UO played key role in discovery of gravitational waves

Instruments inside LIGO (Photo courtesy University of Oregon)

EUGENE, Ore. - Scientists from the University of Oregon played key roles in the detection of a gravitational wave.

UO Professor Robert Schofield and a colleague decided to leave detectors operating overnight last September at the Laser Interferometer Gravitational Wave Observatory in Louisiana.

Less than an hour after the scientists called it a night, the detectors recorded a gravitational wave.

LIGO's twin site in Hanford, Washington, where three UO graduate students were stationed, also recorded the wave.

"The signal came in about 45 minutes after Anamaria (Effler) and I left," Schofield told Around the O. "If I had been in the control room, I wouldn't have seen it. It lasted one-tenth of a second. Had I been in the control room an alarm would have sounded, and I could have seen it by looking back at the data. But I was at my motel."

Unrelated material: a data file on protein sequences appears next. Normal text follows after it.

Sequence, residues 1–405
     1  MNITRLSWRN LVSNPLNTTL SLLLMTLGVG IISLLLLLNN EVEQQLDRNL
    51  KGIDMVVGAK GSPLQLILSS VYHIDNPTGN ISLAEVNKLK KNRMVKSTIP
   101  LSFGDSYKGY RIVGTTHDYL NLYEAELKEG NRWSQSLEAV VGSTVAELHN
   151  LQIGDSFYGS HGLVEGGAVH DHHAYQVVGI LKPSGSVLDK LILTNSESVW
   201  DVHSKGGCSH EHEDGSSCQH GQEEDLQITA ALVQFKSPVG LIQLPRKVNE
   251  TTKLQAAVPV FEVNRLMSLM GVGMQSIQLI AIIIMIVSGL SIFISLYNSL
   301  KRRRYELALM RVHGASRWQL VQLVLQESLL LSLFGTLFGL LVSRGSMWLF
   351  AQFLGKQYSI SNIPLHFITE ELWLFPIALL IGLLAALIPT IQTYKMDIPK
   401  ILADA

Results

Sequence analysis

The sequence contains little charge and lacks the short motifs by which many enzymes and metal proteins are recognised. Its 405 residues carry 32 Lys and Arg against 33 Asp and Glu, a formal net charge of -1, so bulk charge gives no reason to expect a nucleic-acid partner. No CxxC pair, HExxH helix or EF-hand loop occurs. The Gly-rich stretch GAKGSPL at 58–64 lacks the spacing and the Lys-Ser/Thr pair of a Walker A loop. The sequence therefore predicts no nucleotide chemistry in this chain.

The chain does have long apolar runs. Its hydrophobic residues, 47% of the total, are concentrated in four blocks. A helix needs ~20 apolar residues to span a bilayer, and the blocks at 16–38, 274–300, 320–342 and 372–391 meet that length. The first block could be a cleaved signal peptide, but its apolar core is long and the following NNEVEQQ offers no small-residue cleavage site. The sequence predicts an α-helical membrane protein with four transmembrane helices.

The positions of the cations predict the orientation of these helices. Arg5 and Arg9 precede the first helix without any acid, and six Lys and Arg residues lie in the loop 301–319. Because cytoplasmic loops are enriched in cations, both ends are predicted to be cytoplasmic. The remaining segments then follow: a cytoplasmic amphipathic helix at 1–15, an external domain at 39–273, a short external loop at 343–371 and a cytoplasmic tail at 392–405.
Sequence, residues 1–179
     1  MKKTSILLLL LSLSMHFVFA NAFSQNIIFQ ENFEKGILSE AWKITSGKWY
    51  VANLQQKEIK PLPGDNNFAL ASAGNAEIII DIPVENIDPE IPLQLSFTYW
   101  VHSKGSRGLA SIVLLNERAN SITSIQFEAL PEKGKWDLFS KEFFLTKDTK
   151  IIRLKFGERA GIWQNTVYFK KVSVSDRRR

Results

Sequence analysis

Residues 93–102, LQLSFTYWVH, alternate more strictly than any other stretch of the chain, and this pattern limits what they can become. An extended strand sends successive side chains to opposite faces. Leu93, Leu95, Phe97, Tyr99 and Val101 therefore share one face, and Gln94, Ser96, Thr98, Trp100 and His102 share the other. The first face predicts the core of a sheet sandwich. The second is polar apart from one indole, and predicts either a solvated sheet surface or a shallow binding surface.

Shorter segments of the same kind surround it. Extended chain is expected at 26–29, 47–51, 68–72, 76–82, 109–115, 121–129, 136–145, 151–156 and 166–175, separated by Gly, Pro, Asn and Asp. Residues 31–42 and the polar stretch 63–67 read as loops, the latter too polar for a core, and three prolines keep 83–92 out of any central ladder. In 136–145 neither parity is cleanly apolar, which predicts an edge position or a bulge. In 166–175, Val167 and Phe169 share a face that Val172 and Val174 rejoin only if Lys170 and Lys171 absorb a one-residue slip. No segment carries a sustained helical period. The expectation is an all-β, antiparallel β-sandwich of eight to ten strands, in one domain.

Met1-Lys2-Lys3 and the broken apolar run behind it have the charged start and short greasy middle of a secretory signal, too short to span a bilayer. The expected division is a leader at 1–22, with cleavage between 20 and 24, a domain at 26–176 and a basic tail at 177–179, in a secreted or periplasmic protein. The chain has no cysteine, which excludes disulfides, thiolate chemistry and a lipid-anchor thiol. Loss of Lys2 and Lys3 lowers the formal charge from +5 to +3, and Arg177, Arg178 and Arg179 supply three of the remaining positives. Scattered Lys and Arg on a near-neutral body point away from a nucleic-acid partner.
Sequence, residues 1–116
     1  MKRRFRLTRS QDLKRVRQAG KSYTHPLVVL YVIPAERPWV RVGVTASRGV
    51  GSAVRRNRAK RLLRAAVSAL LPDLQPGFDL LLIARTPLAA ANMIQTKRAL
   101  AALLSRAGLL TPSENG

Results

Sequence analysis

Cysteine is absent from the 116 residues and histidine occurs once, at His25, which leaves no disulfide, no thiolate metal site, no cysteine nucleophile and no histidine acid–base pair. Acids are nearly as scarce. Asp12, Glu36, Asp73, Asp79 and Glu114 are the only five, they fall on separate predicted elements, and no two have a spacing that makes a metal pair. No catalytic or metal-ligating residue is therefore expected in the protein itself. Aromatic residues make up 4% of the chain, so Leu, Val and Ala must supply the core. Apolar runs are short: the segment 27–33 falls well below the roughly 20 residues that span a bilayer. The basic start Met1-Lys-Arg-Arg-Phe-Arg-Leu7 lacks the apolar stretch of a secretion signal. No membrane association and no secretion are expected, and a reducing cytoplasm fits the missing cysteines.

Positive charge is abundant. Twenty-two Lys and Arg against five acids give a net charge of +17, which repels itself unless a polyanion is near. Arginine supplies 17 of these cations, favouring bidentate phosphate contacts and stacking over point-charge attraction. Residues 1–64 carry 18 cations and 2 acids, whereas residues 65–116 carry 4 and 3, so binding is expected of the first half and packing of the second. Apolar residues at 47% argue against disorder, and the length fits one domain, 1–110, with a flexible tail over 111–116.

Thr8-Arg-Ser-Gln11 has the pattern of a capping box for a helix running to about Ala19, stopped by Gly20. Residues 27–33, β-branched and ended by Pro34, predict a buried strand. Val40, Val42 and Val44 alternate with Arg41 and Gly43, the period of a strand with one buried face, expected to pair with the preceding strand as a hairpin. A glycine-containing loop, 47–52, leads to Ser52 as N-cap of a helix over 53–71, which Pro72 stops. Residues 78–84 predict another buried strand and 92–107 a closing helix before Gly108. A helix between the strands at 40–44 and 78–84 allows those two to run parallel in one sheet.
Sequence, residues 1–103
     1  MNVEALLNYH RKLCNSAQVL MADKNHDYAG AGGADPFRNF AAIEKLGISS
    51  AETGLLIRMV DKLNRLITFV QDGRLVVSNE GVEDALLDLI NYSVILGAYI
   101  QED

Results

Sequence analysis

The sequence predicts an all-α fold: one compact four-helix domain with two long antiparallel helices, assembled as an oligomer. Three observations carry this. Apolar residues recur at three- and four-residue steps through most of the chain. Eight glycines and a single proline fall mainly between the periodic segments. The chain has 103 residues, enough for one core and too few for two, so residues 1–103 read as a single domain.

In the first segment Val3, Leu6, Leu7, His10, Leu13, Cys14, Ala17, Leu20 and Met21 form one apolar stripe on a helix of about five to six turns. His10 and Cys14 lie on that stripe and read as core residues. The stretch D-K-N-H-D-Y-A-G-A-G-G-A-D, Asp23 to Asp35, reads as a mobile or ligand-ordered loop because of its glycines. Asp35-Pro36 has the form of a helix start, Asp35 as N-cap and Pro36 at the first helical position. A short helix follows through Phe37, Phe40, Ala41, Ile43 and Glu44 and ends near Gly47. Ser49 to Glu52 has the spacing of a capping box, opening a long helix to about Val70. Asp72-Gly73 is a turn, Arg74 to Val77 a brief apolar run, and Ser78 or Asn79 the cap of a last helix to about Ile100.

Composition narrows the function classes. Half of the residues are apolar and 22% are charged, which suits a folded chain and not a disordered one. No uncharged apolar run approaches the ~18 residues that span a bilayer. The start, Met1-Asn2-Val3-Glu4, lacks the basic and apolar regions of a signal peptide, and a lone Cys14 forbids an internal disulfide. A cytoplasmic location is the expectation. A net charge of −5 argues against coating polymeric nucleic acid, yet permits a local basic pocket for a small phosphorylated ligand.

That morning in Eugene, physics professor Raymond Frey got an email from Europe to the LIGO team at Oregon that basically said: "You guys need to take a look at this."

At first, Frey said he and his colleagues thought someone was playing a trick on them.

"It wasn't long, though, when I think everybody realized, at the same time, that this is real, this is amazing, and we had our jaws on the ground for a while. This is the first time to see gravitational waves directly," Frey said, "This is a confirmation of a huge piece of Einstein's theory."

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